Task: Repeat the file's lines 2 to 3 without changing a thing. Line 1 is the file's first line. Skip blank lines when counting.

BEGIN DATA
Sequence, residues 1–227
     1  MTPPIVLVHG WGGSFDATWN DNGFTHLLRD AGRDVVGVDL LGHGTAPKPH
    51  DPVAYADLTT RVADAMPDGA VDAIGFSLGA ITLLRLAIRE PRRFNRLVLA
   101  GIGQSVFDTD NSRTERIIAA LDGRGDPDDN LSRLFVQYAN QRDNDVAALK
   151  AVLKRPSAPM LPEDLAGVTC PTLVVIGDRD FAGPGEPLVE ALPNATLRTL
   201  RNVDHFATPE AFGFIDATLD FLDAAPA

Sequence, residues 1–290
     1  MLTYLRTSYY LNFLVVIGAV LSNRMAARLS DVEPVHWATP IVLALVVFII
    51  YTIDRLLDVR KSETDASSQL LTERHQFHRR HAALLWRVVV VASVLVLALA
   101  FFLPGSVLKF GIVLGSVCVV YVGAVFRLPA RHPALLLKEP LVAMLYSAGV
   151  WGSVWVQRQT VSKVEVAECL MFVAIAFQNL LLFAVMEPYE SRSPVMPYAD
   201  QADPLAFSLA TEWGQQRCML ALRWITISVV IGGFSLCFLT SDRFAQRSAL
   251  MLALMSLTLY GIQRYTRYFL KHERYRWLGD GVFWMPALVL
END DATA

     1  MTPPIVLVHG WGGSFDATWN DNGFTHLLRD AGRDVVGVDL LGHGTAPKPH
    51  DPVAYADLTT RVADAMPDGA VDAIGFSLGA ITLLRLAIRE PRRFNRLVLA